Reflected infrared photography:
Lighting technique is particularly important in reflected infrared work. Infrared photographs reveal density differences due to variations in the absorption characteristics of tissues, and any shadows cast by the lighting will cause confusion in interpretation.
We know from the laws relating to illumination that the light intensity on an inclined surface varies with the cosine of the angle of incident light, and that the illumination of any surface by a single light source varies across that surface by a factor equivalent to the Cosine³ of the angle of illumination. This accounts for the edges of curved surfaces, such as those of the torso or face, recording relatively dark when lit from the front. This problem is further exacerbated in infrared where the incident radiation is absorbed heavily into the skin. Therefore, illumination drops very quickly with increasing angle in infrared work. All of this leads to the requirement for the subject to be evenly illuminated, often using several sources of radiation.
Soft lighting produces a dramatically improved infrared record, not only because it eliminates the shadowing problems mentioned above, but also because the contrast of the resulting image can then be raised, thereby enhancing the detail of the blood vessels or other important subject matter (Figure 15). At the very least, therefore, two lights should be placed one on either side of the subject. But ideally some kind of "wrap-around" lighting should be used. Some workers go so far as to recommend the use of a white room or "tent" to obtain diffuse enough lighting (Gibson 1965, Gilder et al. 1970, Gilson et al. 1981). The diagram for Gibson's original infrared 'tent' can be seen in Figure 16. A modern version of the tent utilizes large diffusion panels such as those manufactured by Lightform for professional studio photography. The P22 panels are approximately 6'x3', and one placed either side of the patient at 45 degree angles and lit by two lights, provides very even illumination and good exposure levels (Figure 17). If a tent or is employed the diffusion material must be checked to ascertain whether or not it transmits infrared freely; otherwise there may be a significant loss of light.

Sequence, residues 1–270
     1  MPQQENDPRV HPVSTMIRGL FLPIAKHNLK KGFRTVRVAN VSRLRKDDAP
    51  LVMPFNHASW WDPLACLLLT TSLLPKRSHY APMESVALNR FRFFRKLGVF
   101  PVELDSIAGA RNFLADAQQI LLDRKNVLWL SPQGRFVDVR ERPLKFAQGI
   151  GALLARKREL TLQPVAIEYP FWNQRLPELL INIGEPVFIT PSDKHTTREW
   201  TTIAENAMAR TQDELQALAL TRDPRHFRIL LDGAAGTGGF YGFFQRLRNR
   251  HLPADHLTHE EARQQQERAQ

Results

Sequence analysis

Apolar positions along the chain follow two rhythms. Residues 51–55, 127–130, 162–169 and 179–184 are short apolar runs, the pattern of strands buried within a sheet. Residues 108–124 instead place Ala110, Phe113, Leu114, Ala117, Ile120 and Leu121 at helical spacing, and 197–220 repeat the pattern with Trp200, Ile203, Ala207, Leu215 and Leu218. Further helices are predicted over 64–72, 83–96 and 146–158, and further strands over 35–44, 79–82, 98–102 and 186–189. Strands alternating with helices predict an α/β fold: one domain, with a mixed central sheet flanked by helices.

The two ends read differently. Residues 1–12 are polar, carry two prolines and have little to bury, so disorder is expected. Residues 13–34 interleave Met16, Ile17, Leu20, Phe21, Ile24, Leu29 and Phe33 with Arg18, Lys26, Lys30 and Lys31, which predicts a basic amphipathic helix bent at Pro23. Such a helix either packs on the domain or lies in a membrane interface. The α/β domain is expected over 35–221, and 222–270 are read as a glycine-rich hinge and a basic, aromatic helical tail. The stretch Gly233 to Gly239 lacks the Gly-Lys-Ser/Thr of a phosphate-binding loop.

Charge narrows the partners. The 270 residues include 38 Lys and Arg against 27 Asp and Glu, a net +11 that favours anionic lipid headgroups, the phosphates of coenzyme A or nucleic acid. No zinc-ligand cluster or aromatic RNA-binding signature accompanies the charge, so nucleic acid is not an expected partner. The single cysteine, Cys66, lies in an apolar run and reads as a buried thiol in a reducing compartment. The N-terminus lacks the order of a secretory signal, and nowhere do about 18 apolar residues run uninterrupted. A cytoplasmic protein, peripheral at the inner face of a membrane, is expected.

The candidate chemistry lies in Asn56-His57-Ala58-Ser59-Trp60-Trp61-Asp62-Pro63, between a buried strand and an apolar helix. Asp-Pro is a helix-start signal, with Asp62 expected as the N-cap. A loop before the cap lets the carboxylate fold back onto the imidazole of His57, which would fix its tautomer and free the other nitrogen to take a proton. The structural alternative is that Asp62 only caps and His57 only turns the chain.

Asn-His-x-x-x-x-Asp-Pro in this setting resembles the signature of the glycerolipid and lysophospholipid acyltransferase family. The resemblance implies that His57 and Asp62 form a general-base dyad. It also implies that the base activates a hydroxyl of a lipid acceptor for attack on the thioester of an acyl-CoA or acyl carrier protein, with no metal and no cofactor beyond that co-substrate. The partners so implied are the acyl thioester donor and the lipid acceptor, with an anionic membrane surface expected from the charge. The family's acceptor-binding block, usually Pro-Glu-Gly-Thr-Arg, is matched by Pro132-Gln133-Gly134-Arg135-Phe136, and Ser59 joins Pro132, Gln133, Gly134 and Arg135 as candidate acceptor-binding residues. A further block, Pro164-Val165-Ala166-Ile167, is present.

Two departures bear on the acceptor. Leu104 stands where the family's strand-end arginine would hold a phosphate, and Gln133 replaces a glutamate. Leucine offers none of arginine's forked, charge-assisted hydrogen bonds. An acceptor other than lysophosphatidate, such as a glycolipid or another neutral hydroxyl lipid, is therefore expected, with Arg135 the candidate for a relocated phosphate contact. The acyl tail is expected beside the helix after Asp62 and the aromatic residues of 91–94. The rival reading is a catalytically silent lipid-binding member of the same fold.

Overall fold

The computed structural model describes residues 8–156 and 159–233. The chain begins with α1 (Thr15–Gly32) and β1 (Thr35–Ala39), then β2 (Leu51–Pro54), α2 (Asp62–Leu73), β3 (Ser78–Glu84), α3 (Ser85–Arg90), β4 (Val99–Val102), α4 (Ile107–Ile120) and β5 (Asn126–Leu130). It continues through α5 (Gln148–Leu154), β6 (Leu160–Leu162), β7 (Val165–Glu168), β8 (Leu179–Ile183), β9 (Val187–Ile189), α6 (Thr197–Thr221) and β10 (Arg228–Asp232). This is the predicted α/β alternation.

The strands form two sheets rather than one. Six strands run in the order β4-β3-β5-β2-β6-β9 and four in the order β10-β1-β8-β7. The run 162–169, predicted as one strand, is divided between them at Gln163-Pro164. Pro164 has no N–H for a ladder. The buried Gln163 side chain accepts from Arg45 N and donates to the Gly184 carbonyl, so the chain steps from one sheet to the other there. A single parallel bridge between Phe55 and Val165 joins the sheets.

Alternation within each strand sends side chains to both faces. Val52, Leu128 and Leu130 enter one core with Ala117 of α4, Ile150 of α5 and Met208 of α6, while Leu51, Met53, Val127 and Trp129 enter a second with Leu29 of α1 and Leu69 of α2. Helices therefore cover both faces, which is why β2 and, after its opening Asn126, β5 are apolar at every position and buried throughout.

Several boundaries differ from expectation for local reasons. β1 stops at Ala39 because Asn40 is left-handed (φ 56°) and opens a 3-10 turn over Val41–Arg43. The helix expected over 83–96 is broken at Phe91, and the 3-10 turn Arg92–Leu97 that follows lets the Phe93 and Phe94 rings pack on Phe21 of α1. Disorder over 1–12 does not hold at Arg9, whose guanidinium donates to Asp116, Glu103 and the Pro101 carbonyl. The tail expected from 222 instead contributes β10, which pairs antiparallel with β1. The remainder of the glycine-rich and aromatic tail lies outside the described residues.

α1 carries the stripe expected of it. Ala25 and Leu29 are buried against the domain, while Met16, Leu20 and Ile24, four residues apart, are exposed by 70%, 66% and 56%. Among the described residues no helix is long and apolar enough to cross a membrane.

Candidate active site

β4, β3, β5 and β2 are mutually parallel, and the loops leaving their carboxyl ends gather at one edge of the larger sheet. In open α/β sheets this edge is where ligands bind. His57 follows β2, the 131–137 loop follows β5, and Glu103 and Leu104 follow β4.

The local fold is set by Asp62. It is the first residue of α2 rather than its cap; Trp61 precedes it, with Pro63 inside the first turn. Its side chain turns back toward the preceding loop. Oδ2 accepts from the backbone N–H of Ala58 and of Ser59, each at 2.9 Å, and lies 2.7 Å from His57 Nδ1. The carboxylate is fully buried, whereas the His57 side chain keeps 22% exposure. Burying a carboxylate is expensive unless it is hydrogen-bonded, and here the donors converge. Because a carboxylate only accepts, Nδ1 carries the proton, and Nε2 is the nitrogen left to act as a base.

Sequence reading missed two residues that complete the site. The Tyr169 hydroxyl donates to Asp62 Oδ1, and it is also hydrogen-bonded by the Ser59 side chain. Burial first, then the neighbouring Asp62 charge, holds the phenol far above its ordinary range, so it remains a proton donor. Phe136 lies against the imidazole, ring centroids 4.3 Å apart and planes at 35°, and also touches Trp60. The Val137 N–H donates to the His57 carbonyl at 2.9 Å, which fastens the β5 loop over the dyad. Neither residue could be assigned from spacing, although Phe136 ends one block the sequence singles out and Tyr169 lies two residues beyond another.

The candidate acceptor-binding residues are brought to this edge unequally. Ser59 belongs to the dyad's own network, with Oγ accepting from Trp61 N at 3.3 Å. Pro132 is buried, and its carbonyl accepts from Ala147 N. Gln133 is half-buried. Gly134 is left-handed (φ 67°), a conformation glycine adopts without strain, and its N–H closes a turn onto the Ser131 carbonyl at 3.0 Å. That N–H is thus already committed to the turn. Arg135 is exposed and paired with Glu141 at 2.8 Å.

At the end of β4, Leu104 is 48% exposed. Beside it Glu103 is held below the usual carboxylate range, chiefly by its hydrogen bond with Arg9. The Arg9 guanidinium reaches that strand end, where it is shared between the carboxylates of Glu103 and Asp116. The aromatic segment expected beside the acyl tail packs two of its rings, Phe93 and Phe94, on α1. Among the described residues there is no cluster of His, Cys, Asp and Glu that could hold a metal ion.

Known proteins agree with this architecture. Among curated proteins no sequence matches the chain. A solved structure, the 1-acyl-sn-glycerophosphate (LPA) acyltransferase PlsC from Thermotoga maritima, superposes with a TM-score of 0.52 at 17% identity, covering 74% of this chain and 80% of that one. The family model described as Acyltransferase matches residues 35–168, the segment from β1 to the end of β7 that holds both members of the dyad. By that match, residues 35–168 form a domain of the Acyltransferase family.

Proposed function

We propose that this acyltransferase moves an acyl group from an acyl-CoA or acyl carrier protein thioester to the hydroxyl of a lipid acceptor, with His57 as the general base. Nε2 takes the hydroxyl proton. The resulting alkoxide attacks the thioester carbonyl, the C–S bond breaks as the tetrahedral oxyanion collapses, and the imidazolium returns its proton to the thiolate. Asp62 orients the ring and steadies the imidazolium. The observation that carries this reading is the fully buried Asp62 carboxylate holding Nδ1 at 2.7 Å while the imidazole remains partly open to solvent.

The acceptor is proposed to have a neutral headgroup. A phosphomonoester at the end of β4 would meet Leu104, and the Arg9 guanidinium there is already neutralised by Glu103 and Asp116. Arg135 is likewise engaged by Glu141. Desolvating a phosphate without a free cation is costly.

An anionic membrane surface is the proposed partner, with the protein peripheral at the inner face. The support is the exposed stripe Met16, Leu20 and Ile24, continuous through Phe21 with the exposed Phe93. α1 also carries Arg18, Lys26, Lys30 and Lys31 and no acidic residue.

Figure 15. The infrared image on the left is lit conventionally with main and fill lights whereas that on the right has been recorded with wrap-around soft lighting using a tent. The softer lighting has then enabled the photographer to reproduce the image at a much higher contrast, revealing much more detail in the vessels. Images © Gibson.
Figure 16. Gibson's original diagram for an infrared 'tent'.
Figure 17. Lightform P22 panels in use to provide diffuse illumination for studio based infrared photography.
As with ultraviolet techniques, one must remember that different background materials, papers, and paints reflect infrared radiation more or less successfully, and may produce very unpredictable tones. Many photographers prefer to work with an unlit black background for infrared work. Once again, the recommendation is to test any background photographically.
- Gibson, H., Buckley, W. & Whitmore, K., 1965. "New vistas in infrared photography for biological surveys," J. Biol. Photogr. Ass 33(1):1-33.
- Gilder, R. & Rutherford, A., 1970. "Diffuse lighting for infrared photography in medicine,: Med. Biol. Illustr. 20:227-230.
- Gilson, C. & Parbhoo, S., 1981. "Standardized serial photography in the assessment of advanced breast cancer," J.Audiovis. Media Med. 4:5-10.